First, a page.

By Ian Ransom
FAVOURITE Fiorente prevailed in a furious sprint down the final stretch to win the A$6 million Melbourne Cup on Tuesday and deliver sweet redemption for controversial jockey Damien Oliver.
Fiorente, runner-up to Green Moon last year, enjoyed a textbook ride in the gruelling two-mile handicap from three-time winner Oliver, who a year ago was embroiled in scandal amid an illegal betting probe.
Oliver coaxed the six-year-old stallion to the front in the final 100 metres to beat British stayer Red Cadeaux by three-quarters of a length with Mount Athos finishing third.
The win in the 153rd running of the Cup, one of the world’s richest races, was especially satisfying for 41-year-old Oliver, who only returned to the saddle in September after serving a 10-month ban for betting on a rival horse in 2010.
His presence in last year’s race aboard Americain provoked much debate as news of his complicity in the illegal betting scandal swirled in the lead-up.
Oliver was backed by Sydney-based trainer Gai Waterhouse on his return and he rewarded the grand dame of Australian racing with her first Melbourne Cup.
In addition to last year’s heartbreak, Waterhouse also tasted the disappointment of runner-up finishes with Te Akau Nick in 1993 and Nothin Leica Dane in 1995.
“Gai was one of the first people to get behind me when I came back,” an emotional Oliver, who rode 1995 winner Doriemus and Media Puzzle in 2002, said trackside.
“There’s a lot of emotion going through my body right now.”
Waterhouse hailed Oliver’s ride which saw Irish import Fiorente, carrying 55 kg from barrier five and backed into 6-1, edge ahead of the Ed Dunlop-trained Red Cadeaux in front of a heaving crowd of more than 100,000.
“Didn’t he ride him a treat?” a glowing Waterhouse, wearing a necklace of huge pearls and a teal-coloured dress and hat, said trackside.
“I think backing Oliver was the crux. I think it was what won us the Cup,” the 59-year-old later told reporters.
Scotland-born Waterhouse, whose late father Tommy Smith won two Melbourne Cups and remains an icon of Australian racing, ended 20 years of frustration to win Australia’s most coveted racing trophy.
“It ticks the best bucket-list … It’s a burning desire to win it,” said Waterhouse, who became only the second female trainer to win the Cup after the New Zealand-based Sheila Laxon’s 2001 triumph with Ethereal.
“I could see he was picking up before the turn … Then the last 200 metres I knew he had it won.”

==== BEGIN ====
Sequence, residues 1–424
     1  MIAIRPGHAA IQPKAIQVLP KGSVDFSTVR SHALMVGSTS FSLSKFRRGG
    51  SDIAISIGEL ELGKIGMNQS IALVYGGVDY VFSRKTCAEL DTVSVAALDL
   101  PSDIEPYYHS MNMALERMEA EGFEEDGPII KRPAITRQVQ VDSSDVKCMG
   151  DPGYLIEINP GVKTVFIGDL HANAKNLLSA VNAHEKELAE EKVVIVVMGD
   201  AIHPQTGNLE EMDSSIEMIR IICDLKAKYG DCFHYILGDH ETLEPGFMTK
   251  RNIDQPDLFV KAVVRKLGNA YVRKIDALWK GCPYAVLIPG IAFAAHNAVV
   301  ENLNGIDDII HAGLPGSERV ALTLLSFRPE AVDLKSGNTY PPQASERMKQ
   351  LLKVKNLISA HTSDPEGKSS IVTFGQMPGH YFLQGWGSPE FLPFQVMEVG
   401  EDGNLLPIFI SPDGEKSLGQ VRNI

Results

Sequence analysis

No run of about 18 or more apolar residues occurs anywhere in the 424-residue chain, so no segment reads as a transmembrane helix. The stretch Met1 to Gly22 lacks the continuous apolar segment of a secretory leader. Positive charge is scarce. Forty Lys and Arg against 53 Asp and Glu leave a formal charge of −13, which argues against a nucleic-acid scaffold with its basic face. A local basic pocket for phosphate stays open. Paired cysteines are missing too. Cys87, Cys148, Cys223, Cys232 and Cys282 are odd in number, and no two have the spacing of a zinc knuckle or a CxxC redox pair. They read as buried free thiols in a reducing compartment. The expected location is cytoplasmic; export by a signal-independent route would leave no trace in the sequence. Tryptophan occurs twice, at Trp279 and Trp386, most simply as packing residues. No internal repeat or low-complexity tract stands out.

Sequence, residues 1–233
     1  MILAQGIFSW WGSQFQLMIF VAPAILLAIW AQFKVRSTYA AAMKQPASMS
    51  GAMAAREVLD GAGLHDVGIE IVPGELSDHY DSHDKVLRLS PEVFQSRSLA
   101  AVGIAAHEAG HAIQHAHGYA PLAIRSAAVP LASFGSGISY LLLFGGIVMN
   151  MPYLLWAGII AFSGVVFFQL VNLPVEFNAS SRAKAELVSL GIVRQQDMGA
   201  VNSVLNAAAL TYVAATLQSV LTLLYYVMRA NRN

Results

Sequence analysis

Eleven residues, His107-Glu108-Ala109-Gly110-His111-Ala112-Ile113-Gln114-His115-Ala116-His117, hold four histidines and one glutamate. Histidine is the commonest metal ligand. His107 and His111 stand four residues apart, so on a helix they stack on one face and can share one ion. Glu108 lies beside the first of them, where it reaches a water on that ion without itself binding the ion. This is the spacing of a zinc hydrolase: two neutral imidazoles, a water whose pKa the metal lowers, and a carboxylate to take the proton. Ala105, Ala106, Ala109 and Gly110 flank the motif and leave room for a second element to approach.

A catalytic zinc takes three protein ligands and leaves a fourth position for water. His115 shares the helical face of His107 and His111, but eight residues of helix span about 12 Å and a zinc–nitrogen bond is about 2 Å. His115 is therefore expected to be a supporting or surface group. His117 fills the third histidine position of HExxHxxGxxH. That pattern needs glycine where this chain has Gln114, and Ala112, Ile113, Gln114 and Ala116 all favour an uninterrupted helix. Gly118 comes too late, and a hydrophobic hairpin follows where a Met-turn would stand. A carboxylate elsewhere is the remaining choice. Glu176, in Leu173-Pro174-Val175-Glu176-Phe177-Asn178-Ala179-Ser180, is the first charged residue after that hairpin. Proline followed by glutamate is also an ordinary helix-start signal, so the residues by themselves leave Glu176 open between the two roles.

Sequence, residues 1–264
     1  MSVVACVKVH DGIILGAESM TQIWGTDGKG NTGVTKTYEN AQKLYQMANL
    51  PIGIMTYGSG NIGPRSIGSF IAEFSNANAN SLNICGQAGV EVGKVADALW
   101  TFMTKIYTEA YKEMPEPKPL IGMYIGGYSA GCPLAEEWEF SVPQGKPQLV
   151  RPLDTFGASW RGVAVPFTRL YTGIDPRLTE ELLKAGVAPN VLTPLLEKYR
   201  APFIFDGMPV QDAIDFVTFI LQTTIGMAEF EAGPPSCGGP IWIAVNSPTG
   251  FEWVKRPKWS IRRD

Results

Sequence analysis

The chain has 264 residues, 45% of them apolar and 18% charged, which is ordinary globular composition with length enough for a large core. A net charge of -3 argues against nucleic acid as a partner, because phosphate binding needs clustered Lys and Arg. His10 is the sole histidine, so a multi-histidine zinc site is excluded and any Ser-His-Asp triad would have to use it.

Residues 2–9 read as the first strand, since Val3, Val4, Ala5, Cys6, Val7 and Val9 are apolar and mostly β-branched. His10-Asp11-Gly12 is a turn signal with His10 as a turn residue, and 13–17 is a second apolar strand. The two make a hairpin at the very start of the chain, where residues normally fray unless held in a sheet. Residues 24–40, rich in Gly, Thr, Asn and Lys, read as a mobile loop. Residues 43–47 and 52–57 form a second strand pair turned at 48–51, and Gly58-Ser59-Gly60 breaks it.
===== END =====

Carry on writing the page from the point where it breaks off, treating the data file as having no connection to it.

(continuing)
Starting on barrier 23 in the 24-horse field, eight-year-old gelding Red Cadeaux was equal third-top weight with 56.5 kg and rated a 60-1 chance in a third tilt for the Cup.
That he ran another gallant race will be little consolation to trainer Dunlop, who also missed out on a first Melbourne Cup for Britain when the same horse was beaten in a photo finish by French stayer Dunaden in 2011.
The Luca Cumani-prepared Mount Athos came in third on Tuesday, leaving the Newmarket-based trainer still chasing the trophy after eight attempts.
Dubbed ‘the race that stops a nation’, the Melbourne Cup has long shed its image as a showcase of Australian breeding, with only five of the field of 24 horses bred locally.
The race’s soaring prize-money has also lured foreign trainers to spend small fortunes in bringing horses Down Under, and five from outside Australia and New Zealand have won the Cup since Irish trainer Dermot Weld’s breakthrough with Vintage Crop in 1993.
Five of the nine foreign raiders in Tuesday’s field finished in the top eight, with Simenon, trained by Irishman William Mullins, placing fourth and Marco Botti-trained Dandino fifth.
Australian property magnate Lloyd Williams was widely tipped to win a fifth Melbourne Cup as an owner of six horses in the field but was left disappointed as Fawkner was the pick of the bunch finishing sixth.
Tuesday’s race had threatened to spiral into controversy when stewards probed race-day treatments to Dunaden and Waterhouse-trained Tres Blue.
Dunaden was treated for an ulcer while Tres Blue had treatment for an irritated hoof. The horses were cleared to race but stewards will hold an inquiry later into both their stables later this week.
The Cup ended on a sour note with French stayer Verema having to be destroyed after the five-year-old mare broke a leg and failed to finish.
By Ian Ransom